By the time you have added the cost of a shaft encoder and suppressor and then replaced the motor a few times it ends up cheaper and simpler to use a stepper.
If you want a more industrial dc gear motor try Anaheim Automation ( I like this series the best for RepRap. The price is a little higher, ~$37, but if you are going to get a lot better performance. If you do want to have a real servo with encoder feed back you should really use a motor that will be worth it. By the way, the Anaheim motors could probably drive the filament directly with a "worm gear" design like aka47 is working on. Just mount the worm gear right on the shaft of the motor. Boy could that simplify the extruder :) But hey, the kysan motors you found could do the same, it is hard to tell because there aren't really any specs or drawings on the kysan site. Twice to three times the price for the motor is worth reduced overall complexity and part count in my humble opinion. I'm rambling now, but I wanted to point out the rated torque on the 30 rpm (BDPG-38-86-12V-3000-R100) motor is 416.62 oz-in. The GM 3 is rated at 50 oz-in with about the same top speed. However, the kysan B42RE191i offers similar torque at $13.00... What do the brushes and bearings look like. Some of those kysan motors come with encoders, in the $50-80 range. You can't get the Anaheim DC gear motors with a encoder installed, you have to go to the brushless motors to get an encoder on it. Ok, I have type for too long again, I'll stop right now.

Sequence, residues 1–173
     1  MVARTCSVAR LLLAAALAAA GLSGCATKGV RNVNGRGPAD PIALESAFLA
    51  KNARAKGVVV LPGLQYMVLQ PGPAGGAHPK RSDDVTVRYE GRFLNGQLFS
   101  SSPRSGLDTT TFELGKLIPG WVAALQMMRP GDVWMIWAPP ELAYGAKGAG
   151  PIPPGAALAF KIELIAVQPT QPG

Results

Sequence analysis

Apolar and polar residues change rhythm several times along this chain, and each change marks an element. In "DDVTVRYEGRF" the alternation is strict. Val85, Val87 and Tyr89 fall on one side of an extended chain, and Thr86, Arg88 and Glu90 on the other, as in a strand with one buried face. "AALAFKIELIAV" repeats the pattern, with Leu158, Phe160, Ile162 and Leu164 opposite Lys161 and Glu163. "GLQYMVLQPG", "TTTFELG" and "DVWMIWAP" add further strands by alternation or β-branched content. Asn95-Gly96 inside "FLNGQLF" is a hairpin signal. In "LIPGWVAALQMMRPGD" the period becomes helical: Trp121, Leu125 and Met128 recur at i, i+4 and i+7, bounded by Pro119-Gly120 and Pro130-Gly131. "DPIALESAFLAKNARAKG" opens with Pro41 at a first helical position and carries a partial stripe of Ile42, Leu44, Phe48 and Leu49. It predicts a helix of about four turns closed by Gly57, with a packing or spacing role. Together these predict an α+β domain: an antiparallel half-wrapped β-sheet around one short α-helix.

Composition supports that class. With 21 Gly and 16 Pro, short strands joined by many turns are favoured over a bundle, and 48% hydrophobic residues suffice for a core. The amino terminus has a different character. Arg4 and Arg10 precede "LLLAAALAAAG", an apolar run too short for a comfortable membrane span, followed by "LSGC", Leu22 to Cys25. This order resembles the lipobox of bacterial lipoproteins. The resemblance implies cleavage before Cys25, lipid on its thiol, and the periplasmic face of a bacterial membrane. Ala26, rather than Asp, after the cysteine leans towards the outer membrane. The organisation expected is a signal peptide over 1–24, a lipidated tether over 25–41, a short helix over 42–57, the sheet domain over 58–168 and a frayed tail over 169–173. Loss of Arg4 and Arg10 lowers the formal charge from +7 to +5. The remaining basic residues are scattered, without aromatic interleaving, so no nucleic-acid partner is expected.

Zach et al,
Thanks for the link.
Are these surplus, or not? Designing in a surplus item is risky, because the supply can vanish without warning. Metal gearing sounds nice, but I seem to recall that the motor's brushes went first. I'm going to try slot-car motors as replacements for the GM3 motor -- dual shafts (thus one for an encoder) and (I hope) better quality brushes.